If you love meeting talented writers and hearing them read from their published work, or just want to soak up a unique cultural experience, don’t miss the opportunity to attend the Canadian Writers in Person Lecture Series.
The series gives attendees an opportunity to get up close and personal with an eclectic group of 11 authors while having the unique opportunity to engage with them in a dialogue about their work.
Canadian Writers in Person is a for-credit course for students. It is also a free-admission event for members of the public. All readings take place at 7 p.m. on select Tuesday evenings via Zoom. Links for each reading can be found here: https://cltr.huma.laps.yorku.ca/canwrite/.
This year’s lineup consists of a unique selection of emerging and established Canadian writers, whose writing explores a broad range of topics and geographical and cultural landscapes. Featuring seasoned and emerging poets and fiction writers, the series highlights Canada’s ever-growing literary talent.
The series will continue on Nov. 10 with a reading of poet Michael Prior’s Burning Province (Penguin Random House Canada).
Prior is a writer and a teacher. His poems have appeared or are forthcoming in numerous magazines and anthologies across North America and the U.K., including Poetry, The New Republic, Narrative, Ambit, Poetry Northwest, The Margins, PN Review, Verse Daily, Global Poetry Anthology 2015, The Next Wave: An Anthology of 21st Century Canadian Poetry and the Academy of American Poets’ Poem-a-Day series. He is a past winner of Magma Poetry’s Editors’ Prize, The Walrus‘s Poetry Prize and Matrix Magazine‘s Lit POP Award for Poetry. His first full-length book of poems, Model Disciple, was named one of the best books of the year by the CBC. Prior holds graduate degrees from the University of Toronto and Cornell University. He divides his time between Saint Paul, M.N. and Vancouver, B.C.
Burning Province, Prior’s second collection explores, the enduring impact of the Japanese internment upon his family legacy and his mixed-race identity. Amid the record-breaking wildfires that scorched British Columbia in 2015 and 2017, the poems in this collection move seamlessly between geographical and psychological landscapes, grappling with cultural trauma and mapping out complex topographies of grief, love and inheritance: those places in time marked by generational memory “when echo crosses echo.”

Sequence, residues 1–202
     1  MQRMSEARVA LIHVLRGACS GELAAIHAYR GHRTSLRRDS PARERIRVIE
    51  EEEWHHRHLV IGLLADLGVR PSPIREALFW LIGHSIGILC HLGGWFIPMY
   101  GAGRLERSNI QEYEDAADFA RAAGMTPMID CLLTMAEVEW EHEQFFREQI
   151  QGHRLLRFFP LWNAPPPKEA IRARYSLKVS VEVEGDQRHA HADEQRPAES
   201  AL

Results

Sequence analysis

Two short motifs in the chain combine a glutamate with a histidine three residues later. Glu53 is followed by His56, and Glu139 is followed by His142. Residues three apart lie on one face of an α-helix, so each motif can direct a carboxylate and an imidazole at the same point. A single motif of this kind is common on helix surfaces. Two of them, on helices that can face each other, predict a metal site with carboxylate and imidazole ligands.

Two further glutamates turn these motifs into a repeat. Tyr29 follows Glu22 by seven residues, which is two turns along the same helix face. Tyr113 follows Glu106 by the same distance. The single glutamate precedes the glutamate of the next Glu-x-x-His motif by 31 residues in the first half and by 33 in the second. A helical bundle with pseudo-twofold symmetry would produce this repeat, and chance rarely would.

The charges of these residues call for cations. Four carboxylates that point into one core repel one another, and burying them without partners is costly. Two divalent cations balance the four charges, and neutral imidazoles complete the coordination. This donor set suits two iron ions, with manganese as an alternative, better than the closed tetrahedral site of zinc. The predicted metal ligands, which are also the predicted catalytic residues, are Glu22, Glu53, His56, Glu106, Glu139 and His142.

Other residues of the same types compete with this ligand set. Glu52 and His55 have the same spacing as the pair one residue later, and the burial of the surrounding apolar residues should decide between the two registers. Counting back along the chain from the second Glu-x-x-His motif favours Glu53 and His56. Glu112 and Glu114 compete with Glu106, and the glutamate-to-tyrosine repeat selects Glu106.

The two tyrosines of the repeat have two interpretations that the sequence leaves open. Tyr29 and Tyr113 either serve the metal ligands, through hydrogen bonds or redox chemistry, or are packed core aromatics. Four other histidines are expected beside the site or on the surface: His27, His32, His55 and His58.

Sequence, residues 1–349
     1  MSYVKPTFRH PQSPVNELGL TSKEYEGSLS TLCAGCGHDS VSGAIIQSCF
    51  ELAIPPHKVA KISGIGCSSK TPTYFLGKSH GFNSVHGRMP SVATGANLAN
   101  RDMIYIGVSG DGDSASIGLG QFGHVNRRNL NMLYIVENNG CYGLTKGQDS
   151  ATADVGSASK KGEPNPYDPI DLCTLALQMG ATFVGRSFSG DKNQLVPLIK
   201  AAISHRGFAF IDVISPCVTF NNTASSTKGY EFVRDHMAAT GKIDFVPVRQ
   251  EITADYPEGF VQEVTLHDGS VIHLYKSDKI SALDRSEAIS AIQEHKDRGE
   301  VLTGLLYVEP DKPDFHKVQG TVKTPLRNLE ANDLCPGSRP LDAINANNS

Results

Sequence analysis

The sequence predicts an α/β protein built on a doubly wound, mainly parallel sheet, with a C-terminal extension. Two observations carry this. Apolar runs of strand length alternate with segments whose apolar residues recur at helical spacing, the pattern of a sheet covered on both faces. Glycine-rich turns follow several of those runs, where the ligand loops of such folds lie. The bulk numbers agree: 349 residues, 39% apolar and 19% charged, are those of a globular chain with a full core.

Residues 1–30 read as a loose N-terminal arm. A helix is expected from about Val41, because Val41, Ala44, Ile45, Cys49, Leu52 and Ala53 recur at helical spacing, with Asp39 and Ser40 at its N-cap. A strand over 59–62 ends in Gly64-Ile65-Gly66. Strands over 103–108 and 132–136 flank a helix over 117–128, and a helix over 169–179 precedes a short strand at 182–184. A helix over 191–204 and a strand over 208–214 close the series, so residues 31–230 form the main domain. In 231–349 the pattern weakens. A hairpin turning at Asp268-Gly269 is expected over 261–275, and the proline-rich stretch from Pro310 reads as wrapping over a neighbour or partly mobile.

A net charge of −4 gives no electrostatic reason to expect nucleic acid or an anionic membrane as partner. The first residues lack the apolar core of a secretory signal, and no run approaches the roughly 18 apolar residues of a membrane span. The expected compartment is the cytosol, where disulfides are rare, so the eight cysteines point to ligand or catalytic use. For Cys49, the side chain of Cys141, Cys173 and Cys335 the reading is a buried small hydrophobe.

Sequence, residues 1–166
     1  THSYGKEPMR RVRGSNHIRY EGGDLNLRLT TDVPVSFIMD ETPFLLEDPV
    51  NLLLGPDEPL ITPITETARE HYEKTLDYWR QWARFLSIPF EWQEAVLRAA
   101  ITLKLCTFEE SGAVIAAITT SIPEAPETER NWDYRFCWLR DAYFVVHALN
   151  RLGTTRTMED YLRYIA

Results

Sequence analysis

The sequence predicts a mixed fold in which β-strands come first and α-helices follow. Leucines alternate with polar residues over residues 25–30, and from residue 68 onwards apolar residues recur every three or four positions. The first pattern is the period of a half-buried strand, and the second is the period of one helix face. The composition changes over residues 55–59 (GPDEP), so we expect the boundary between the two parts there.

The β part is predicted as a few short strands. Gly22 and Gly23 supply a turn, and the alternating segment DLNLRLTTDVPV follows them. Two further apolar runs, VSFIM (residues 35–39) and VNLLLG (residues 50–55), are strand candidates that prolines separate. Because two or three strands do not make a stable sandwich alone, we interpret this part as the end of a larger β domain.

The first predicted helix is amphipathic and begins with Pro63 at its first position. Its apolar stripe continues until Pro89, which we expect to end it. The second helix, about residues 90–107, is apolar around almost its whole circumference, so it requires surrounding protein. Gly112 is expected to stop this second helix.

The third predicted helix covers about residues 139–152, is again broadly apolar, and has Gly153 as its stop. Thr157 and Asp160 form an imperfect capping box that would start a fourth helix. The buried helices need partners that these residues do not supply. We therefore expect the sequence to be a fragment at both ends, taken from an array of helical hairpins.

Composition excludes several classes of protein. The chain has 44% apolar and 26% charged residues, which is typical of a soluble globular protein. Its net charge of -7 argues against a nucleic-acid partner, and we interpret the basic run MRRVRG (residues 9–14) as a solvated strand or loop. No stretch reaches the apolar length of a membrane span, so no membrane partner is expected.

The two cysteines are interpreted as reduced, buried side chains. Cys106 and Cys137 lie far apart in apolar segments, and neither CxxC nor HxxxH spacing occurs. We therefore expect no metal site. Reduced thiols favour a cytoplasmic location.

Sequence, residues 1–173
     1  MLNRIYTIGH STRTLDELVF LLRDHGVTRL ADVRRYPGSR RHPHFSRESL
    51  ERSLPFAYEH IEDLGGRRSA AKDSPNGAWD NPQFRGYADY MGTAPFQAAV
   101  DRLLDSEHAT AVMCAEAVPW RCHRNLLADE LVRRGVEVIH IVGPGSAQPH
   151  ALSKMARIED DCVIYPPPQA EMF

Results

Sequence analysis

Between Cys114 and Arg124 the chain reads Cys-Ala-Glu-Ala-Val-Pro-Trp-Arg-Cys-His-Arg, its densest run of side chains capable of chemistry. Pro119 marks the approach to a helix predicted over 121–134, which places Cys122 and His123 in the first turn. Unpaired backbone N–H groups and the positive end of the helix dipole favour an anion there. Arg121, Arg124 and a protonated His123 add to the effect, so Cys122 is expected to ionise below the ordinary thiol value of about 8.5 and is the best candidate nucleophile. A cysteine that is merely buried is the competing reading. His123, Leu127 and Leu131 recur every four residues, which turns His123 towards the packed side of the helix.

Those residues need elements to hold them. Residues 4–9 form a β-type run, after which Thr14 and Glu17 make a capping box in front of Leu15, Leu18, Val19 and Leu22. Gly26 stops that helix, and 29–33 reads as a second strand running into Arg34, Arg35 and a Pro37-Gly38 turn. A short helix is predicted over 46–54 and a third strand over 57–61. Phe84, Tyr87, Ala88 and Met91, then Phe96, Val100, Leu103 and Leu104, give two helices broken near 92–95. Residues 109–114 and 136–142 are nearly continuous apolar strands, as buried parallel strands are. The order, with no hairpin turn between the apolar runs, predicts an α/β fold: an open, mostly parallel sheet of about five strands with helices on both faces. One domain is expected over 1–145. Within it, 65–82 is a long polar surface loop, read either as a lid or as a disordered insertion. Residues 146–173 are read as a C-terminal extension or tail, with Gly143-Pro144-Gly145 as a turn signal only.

Burning Province is an elegy for a home aflame and for grandparents who had a complex relationship to it, but it is also a vivid appreciation of mono no aware: the beauty and impermanence of all living things. “The fireflies stutter like an apology,” Prior writes; “I would be lying to you / if I didn’t admit I love them.”
Other presentations scheduled in this series are:
- Nov. 24: Megan Gail Coles, Small Game Hunting at the Local Coward Gun Club (House of Anansi Press)
- Dec. 8: Sharon Butala, Season of Fury and Wonder (Coteau Books)
- Jan. 19: Carol Rose GoldenEagle, Bone Black (Nightwood Editions)
- Feb. 2: S.D. Chrostowska, The Eyelid (Coach House Books)
- Feb. 23: Kaie Kellough, Dominoes at the Crossroads (Vehicule Press)
- March 9: Terry Watada, Mysterious Dreams of the Dead (Anvil Press)
- March 23: Cecily Nicholson, Wayside Sang (Talonbooks)
Canadian Writers in Person (AP/CLTR 1953 6.0A) is a course offered in the Culture & Expression program in the Department of Humanities in York University’s Faculty of Liberal Arts & Professional Studies. For more information on the series, visit yorku.ca/laps/canwrite, or email Professor Gail Vanstone at email@example.com or Professor Leslie Sanders at firstname.lastname@example.org.